32. 32
    Seven of Mine, formerly piegasm

    qwints @ 29

    However, saying that people who are “perturbed” by anti-harassment policies are “dedicated harassers” is analogous to saying people who complain about policies designed to catch criminals (e.g. surveillance policies) must be criminals themselves.

    No, it’s not because the policies themselves are not the same. Anti-harassment policies don’t involve conference organizers invading anyone’s privacy or in some other way misusing their authority. The people objecting to anti-harassment policies are objecting to policies which won’t impact them unless they’re actually doing something they shouldn’t.

  33. 33
    tashaturner

    Great policy. Hope your daughter has a good time.

    As to those upset over policies. I don’t know what to say. Well maybe I do: read the policy. Think about the fact that they aren’t asking for anything that isn’t expected from you in the workplace, out shopping, at your mom’s house. Note they have procedures for the accused and are not witch hunts. Wonder if your upset because you act like a jerk & if so figure out how to fix this flaw. Welcome to 2014 where your expected to treat everyone like a human being. The sooner you move into this century the happier you’ll be.

  34. 34
    gmacs

    Giliell @23

    That’s actually me, not qwints, you’re quoting. But yes, I agree with you. I was simply stating that there was something to qwints’ minor quibble about the argument being used (although I don’t think I feel as strongly about it as qwints does). I mostly have a problem with the fact that it recalls such an argument, since, as you pointed out, harassment policies do not invade privacy (unless they are really shittily formulated).

    I actually do agree that the only people who have anything to lose from harassment policy are shitheads and bullies.

    PS. Turns out I missed this part of qwints’ statement (emphasis mine):

    But please don’t repeat the old canard that only bad people should care how accused bad people are treated.

    I will say that I don’t see the emphasized part implied in PZ’s arguments. That last phrase is a stretch I can’t follow.

  35. 35
    SallyStrange

    Ahh, Qwints. You’re very tiresome.

    anti-harassment policies aren’t analogous to surveillance policies.

    You SURE? There could be some tendentious connection there that you’re not seeing yet. Harassment has to be observed to be reported, after all.

    However, saying that people who are “perturbed” by anti-harassment policies are “dedicated harassers” is analogous to saying people who complain about policies designed to catch criminals (e.g. surveillance policies) must be criminals themselves. It’s a bad argument in support of a good policy.

    No, it’s not, because anti-harassment policies aren’t analogous to surveillance policies.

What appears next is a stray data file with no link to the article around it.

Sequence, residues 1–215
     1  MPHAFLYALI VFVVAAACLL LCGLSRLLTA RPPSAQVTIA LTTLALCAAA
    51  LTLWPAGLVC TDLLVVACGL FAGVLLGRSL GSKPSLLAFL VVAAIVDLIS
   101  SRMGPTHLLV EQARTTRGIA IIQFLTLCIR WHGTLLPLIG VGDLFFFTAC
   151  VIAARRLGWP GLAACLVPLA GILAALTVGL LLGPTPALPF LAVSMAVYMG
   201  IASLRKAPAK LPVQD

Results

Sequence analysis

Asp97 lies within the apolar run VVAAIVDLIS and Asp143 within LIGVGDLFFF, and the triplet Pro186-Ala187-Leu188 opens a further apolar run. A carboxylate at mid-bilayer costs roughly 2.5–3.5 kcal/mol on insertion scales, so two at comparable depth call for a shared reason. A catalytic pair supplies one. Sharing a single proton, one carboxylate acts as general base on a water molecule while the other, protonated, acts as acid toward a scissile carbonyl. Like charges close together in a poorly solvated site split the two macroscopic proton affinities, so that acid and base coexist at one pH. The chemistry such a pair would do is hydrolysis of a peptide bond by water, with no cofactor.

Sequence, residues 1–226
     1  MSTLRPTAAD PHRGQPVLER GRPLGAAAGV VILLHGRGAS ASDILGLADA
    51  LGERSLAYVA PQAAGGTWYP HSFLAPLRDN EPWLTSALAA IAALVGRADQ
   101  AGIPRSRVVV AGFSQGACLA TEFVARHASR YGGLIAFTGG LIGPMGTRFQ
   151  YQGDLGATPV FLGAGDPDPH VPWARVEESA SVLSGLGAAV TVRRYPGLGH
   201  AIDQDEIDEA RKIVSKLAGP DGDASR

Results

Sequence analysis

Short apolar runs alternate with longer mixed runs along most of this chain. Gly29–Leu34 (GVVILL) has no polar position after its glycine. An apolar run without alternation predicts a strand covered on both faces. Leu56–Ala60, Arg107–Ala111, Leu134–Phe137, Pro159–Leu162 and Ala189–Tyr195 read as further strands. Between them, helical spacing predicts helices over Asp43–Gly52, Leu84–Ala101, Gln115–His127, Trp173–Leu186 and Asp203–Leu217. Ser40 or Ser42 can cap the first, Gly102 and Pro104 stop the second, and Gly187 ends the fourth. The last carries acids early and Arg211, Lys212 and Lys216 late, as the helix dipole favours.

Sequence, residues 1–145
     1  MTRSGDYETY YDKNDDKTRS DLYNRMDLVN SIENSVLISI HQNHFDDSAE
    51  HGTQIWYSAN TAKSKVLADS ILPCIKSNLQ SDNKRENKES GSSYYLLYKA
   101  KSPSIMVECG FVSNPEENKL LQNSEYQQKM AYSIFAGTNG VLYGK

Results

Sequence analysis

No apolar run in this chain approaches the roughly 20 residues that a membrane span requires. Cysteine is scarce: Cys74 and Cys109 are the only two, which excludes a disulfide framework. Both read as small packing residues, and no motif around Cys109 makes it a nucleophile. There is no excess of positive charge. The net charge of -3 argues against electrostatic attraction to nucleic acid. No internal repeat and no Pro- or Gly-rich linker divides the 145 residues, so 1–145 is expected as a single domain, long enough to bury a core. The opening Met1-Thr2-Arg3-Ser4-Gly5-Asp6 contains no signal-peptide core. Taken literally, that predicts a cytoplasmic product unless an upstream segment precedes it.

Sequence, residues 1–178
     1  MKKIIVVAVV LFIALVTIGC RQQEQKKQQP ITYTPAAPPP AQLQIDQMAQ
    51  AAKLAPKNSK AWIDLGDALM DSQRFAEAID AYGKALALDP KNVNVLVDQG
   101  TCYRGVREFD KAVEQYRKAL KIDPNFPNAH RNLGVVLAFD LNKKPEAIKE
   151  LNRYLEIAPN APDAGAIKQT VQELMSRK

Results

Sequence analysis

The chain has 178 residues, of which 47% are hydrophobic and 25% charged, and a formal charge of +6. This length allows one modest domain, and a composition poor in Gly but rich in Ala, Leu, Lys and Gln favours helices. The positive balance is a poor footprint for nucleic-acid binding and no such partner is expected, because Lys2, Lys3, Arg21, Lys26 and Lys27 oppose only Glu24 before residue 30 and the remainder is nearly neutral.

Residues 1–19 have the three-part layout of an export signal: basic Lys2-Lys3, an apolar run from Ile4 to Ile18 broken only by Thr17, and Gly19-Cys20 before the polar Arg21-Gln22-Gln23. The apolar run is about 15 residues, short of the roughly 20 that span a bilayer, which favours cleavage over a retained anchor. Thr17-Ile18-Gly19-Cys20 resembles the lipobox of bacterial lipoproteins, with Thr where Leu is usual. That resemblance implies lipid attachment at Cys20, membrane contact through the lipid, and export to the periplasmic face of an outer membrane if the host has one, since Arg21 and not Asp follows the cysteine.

“I don’t want the police listening to my phone calls unless they have a very good reason” is a legitimate response to surveillance policies.

    What is the analogous legitimate response to anti-harassment policies? “I don’t want harassers to understand what the rules are and the consequences for breaking them”? “I don’t want to feel a moment’s trepidation before biting someone’s leg”? “I don’t want women to feel like they’re my equals”? What?

    That’s right, there are none. Anti-harassment policies help everyone and require no compromise of anyone’s rights.

    That’s why there’s no fucking analogy there.

    Now stop concern trolling.

  36. 36
    gog

    For anybody that has yet to read it, Almost Diamonds has a relevant article on implementing anti-harassment policies. If ACL is doing it this way it seems very unlikely that people will be falsely accused or needlessly reprimanded/expelled.

  37. 37
    PaulBC

    The last time I went to an academic conference (for CS theory) was over 15 years ago, and I would have thought all the boilerplate in that policy goes without saying. Naively, I would also been pretty shocked to hear about it occurring. The attendees (junior ones at least) are either nervous about presenting their paper or studiously preparing to watch the other talks. (Like actually reading the extended abstract ahead of time–no, not me but that might explain why I’m not in academia now). Such socializing as occurs in evening wine-and-cheese things is mostly about schmoozing and trying to get noticed by well known researchers. It seems like about the stupidest place you’d ever want to go and screw up your career by making yourself into a pariah.

    Anyway, the policy seems totally reasonable, and actually making it explicit is probably doing a big favor to anyone who came to the conference thinking any of that behavior was acceptable.

  38. 38
    qwints

    consciousness razor @ 30

    It doesn’t just stay a “bad argument” always and forever, in all circumstances, because you don’t like it sometimes.
    ….
    There is no legitimate reason to be opposed to it, which means the only reasons left are those having to do with wanting to behave badly. If you think there is some legitimate reason for opposition, you have to actually say what you think that is. We don’t get to just assume that.